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A Letter to Scott Roeder

The opinions expressed by columnists are their own and do not necessarily represent the views of

Scott Roeder, meet Dr. Martin Luther King, Jr. Perhaps the two of you have never met.

As your trial for the murder of Dr. George Tiller begins in earnest, you would do well to meet the premier American Christian leader of the 20th century. Whereas you believe that your murder of Dr. Tiller is morally justifiable as an act of defending the pre-born, Dr. King stared evil and violence squarely in the eye and chose a higher path. He and his colleagues withstood fire hoses, attack dogs, bombs, knives, and guns, and yet chose not to respond in kind. You have chosen the path of hatred; he chose the path of love.

Politically Incorrect Guide to the Constitution

Now mind you, I hear your pain. My soul aches deeply every day at the fact that more than 1,200,000 children each year will not see their own birth in this country. While you have chosen to kill as a tactic, many others and I seek to serve mothers in crisis and their pre-born children in ways that offer them hope and love. I am deeply disturbed that the most dangerous place in a child's life in America is in her own mother's warm womb. Ending abortion is the right thing to do. That is a noble goal.

However, how we end abortion says as much about us as the fact that we seek to bring an end to this moral evil. There is a good reason why virtually every pro-life group in America has denounced your actions and the use of violence in the battle to end abortion. Very simply, you are wrong and so are your actions.

As a Christian, your faith should teach you that truth and love will have the final word. As Dr. King himself stated, “That is why right, temporarily defeated, is stronger than evil triumphant.” A Christian keeps an eye toward the eternal, not merely toward the temporal. Christians know who wins in the end. Therefore, the Christian faith is rooted in the basic hope that only good ultimately conquers evil. Killing in the name of life is not only logically inconsistent, it is also morally wrong.

As a member of the self-named “Army of God,” you and your group have arrogated to yourselves something that rightly belongs to the God you claim to serve, namely the taking or ending of human life. You have twisted the meaning of pro-life by endorsing death. The irony is obvious to everyone but you.

Worse still, your group has assumed the divine right to take life in order to serve the cause of saving life. For centuries, Christians have articulated the rare occasions when the use of violence is morally defensible. Dr. King and other Christian leaders embraced the “just war theory” delineated and refined by thinkers like Augustine, Aquinas, and others. Such just war cases are characterized by traits not present in your own “war.” For example, only legitimate national governments acting as moral agents have the authority to declare war. This moral conviction knows that vigilante justice, like that embodied in your own army, breeds hatred, fear, and anarchy, rather than true peace and true justice. You have taken unto yourselves the roles of both God as the ultimate taker of life and of temporal political government as the moral agent of war. In doing so, you represent the ever-present human urge to decide what is right and wrong without answering to others, including the Church.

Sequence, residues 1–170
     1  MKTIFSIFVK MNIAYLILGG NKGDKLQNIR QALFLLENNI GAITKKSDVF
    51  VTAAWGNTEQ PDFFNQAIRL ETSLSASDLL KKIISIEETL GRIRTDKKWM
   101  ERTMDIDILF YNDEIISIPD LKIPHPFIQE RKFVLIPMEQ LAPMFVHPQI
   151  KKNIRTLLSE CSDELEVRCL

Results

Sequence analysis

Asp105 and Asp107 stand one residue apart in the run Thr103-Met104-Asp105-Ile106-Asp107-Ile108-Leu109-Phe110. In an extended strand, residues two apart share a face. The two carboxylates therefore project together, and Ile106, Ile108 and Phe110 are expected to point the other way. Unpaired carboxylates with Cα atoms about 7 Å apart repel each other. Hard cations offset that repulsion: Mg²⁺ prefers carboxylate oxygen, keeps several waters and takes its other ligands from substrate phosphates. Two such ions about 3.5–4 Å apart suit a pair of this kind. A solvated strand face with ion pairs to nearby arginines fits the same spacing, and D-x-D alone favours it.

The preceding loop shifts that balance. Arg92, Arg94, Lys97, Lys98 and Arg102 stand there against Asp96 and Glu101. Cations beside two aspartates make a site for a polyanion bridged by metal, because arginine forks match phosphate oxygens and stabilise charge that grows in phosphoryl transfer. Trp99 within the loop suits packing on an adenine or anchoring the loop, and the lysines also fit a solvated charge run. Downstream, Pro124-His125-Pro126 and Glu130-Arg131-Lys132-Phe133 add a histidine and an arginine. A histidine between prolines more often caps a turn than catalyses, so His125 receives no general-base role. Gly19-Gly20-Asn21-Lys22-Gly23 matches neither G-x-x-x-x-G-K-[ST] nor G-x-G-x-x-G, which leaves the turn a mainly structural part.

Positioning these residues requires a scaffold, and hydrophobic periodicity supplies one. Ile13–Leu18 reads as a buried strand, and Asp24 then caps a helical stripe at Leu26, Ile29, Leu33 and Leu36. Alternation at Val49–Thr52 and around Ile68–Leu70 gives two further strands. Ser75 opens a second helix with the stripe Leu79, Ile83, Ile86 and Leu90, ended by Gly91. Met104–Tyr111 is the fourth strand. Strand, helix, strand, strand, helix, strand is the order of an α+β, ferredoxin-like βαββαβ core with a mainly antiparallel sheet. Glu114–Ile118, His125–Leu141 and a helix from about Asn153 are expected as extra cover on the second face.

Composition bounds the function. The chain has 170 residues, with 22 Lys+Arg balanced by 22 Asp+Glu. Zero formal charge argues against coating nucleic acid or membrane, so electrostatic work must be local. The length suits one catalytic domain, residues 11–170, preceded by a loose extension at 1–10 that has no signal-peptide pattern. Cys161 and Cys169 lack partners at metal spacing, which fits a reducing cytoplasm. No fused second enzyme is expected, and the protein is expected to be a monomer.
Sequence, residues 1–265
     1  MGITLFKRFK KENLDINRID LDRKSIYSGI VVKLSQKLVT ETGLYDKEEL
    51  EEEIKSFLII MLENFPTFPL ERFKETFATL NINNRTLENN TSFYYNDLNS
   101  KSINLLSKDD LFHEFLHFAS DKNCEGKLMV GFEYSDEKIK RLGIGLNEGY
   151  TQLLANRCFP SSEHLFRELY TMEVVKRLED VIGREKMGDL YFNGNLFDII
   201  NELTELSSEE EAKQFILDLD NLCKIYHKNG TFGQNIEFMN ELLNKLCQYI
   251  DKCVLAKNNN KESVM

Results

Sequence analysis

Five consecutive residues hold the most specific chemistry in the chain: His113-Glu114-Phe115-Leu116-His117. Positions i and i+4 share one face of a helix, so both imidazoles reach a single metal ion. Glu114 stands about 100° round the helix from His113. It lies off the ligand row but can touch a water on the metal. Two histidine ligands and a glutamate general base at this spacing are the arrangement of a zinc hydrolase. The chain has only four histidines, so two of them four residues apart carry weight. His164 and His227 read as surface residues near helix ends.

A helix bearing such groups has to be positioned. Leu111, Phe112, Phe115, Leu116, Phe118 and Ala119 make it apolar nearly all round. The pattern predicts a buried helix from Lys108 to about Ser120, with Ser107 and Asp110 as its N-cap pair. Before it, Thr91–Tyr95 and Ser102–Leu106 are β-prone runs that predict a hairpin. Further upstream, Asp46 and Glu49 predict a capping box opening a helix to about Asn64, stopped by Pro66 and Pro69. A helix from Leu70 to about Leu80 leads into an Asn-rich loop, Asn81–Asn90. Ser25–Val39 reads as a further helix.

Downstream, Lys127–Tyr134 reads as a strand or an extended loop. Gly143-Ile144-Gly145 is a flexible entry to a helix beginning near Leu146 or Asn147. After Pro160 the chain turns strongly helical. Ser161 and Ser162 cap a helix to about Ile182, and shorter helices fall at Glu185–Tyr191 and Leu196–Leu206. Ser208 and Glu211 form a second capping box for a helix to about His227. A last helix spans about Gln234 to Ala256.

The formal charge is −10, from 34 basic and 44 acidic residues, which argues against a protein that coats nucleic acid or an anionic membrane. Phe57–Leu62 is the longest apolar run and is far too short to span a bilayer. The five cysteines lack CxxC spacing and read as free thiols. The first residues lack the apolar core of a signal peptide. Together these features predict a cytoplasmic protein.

In addition, Christian thinkers hold that war should be used as a last resort, enacted only after all other measures have been exhausted. In a liberal democracy like our own, there are multiple lawful measures and acts of civil disobedience available to those of us who value all human life, even those with whom we vigorously disagree. In choosing to resort to violence and murder, you have stepped out of Christian thinking and into the realm of self-authority.

Mr. Roeder, your “Army of God” invokes the faith with great gusto but also with great disregard for the teachings of the man you claim to follow, Jesus. In the face of violence, even in the face of his own torture and death, Jesus turned the other cheek. As He was being arrested, He instructed His own followers not to retaliate. In the end, it is this very example of non-violence that carried the day in the moral leadership of Dr. King. He and his leadership invested monumental amounts of time to train their “soldiers” not to retaliate. To take the higher moral ground. To change hearts rather than end lives.

While I mourn with you the deaths of pre-born children, I rejoice in the fact that the pro-life movement is gaining strength and public opinion as evidenced in recent polls showing slow movement back toward the valuing of human life. I rejoice that your actions stand out for their rarity. Your murderous act was the first death of an abortion doctor in America since 1998. Despite you, America faces no epidemic of anti-abortion violence. In fact, it is interesting to note that the same number of pro-life demonstrators were killed last year as abortion doctors - one. James Pouillon's death stands as a reminder that violence on either side of this issue solves nothing. It only leaves more dead bodies.

Finally, I encourage you to use your time in prison well. A recommended reading list would include Dr. King's “Letter from a Birmingham Jail,” and the Sermon on the Mount by Jesus. Both of these pieces will aid you in understanding non-violence not as a passive or lazy response but as one that has the capacity to change the minds and hearts of America.

Please know that many of us will be praying for you, but more importantly for the lives of children in America, the born and the unborn. The disgrace of your murder cannot erase the moral horror that is perpetrated in this country each day.

Grace and Peace,

Allen Hunt

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